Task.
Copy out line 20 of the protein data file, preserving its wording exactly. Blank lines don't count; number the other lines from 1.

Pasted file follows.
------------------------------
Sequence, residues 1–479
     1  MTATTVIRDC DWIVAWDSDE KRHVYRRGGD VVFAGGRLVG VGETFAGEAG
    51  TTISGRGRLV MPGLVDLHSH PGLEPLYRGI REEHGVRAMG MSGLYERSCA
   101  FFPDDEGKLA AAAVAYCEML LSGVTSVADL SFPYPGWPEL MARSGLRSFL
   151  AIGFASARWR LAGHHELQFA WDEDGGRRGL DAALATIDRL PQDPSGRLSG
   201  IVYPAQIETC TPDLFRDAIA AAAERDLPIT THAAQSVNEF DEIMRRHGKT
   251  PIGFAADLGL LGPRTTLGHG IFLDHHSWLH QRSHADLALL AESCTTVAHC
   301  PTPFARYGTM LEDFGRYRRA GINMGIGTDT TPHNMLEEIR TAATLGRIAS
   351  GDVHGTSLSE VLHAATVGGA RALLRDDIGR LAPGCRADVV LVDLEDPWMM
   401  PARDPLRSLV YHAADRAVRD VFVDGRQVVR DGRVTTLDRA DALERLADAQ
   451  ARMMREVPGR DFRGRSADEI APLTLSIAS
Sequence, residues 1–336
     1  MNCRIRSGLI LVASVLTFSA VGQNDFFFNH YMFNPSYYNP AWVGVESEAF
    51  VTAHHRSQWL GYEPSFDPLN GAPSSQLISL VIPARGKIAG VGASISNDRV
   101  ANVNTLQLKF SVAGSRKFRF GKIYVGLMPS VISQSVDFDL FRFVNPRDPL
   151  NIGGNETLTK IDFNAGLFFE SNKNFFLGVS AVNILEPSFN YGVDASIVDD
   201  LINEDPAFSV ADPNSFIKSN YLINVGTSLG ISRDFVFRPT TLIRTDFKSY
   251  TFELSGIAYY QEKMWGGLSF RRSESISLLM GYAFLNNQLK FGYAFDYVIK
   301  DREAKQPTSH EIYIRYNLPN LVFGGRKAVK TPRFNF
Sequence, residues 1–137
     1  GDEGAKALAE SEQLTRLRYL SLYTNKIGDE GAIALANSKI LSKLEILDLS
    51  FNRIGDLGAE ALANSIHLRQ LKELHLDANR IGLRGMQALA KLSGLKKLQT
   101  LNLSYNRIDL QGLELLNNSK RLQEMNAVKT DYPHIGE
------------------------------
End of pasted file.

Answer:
Sequence, residues 1–137